Justin Rogers is a poet, educator, coach and venue owner from the city of Detroit, Michigan. Rogers is an advocate for literacy among inner-city youth, and the amplification of Black voices. Still performing around the Mid-West and teaching poetry with InsideOut Literary Arts, Rogers actively shares poems surrounding living and growing as a Black man in America. Rogers most recently has work published or forthcoming in APIARY Magazine, Mobius Magazine, and Tinderbox Poetry Journal.
After Aracelis Girmay
Five stories into dawning sky
here in the crusted bucket seat
of my cracking car’s catalytic converter
is a stolen hum. Here is humming
over the Detroit skyline
an orange pool of silk atmosphere
tainting a burning heap of rusted metal. Here
is the world’s largest incinerator
trying its flames damndest to
look like every lip pierced
purple haired penthouse
developed city it is not.
Here is ignoring waves of ‘good hair’
“pretty eyes with my glasses off”
“pale skin, even in the summer.”
Here is shopping for hipster clothing.
Here are closed family businesses
replaced by vegan chain restaurants.
Here is giving up meat.
Here is a love for coffee and
coffee houses and weed and live indie bands.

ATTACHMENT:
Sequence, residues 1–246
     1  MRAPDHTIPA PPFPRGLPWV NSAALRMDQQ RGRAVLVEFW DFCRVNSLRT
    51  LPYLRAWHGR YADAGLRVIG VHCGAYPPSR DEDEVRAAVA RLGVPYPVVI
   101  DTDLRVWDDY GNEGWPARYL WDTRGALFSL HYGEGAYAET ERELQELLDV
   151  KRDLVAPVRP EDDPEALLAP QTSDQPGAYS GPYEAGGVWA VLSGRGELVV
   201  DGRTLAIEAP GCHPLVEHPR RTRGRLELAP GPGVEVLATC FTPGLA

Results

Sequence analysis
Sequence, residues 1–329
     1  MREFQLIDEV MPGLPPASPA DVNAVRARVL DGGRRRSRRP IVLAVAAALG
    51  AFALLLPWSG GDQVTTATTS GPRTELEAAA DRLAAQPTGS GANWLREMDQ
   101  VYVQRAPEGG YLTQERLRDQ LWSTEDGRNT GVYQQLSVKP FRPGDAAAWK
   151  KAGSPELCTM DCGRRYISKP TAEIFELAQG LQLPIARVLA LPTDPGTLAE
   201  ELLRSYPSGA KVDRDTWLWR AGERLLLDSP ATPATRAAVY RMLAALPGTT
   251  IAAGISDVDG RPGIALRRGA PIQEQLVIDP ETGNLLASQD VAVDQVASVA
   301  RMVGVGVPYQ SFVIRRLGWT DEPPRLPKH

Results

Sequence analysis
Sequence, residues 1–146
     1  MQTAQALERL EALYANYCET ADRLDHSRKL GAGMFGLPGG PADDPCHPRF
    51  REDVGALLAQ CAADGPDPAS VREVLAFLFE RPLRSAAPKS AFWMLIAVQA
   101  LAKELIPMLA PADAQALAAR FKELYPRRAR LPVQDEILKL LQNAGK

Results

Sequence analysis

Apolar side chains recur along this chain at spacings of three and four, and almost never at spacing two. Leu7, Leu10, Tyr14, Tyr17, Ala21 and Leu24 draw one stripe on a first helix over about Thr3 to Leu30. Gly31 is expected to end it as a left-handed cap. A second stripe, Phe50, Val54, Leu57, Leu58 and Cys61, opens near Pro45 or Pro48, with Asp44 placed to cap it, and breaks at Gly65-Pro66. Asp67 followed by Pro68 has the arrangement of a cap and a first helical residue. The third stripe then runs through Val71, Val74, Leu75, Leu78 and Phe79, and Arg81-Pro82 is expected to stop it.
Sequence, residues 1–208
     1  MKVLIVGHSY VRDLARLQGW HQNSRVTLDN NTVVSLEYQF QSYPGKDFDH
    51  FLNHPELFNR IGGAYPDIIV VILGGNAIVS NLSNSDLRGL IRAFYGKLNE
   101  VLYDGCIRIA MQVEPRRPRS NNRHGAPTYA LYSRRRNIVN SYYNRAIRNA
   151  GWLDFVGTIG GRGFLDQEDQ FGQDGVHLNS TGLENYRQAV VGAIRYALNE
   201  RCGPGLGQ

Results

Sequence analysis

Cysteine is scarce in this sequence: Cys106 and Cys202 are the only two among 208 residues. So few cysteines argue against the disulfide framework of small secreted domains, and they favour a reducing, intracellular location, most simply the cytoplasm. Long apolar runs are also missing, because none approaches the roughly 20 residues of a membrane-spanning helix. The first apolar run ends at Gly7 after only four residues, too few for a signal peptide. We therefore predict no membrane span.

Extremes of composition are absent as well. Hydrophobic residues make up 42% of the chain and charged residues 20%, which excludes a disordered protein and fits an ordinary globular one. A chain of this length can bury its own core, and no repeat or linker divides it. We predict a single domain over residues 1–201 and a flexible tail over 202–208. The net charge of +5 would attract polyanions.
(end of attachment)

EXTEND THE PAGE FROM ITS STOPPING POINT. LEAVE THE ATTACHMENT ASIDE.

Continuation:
Here is forgetting my neighborhood and
being afraid to return there.
Here is realizing the blackness
ashing over my mulatto skin.
Here is being too ashamed
of my family’s Polish heritage
to take my grandmother’s invitations
to return home seriously. Here is
going home feeling like failing.
Here is avoiding anecdotes
referring to Poland or the Atlantic
or what owning a home in this neighborhood
used to mean or how women
didn’t go to college in the 60’s
or how my grandmother ran away
or how she had a little girl
by a black man in San Francisco.
Here is never hearing the relationship shunned.
Here is still checking “Other”
in the options for my race.
Here is Kielbasa and Fried Chicken.
Here is slavery and Holocaust
Catholic and Christian Jesus calling me
Here is no one knowing His race either.
Here is knowing my savior’s skin
would not help anything.
Here is my skin granting me
minimum wage temporary jobs
for which my degree claims I am overqualified.
Here is driving Interstate 94 daily
just to see the world’s largest incinerator burn
everything except my crack decayed city.
Here is gentrification.
Hoping I am mixed enough.
Here is not being anything enough.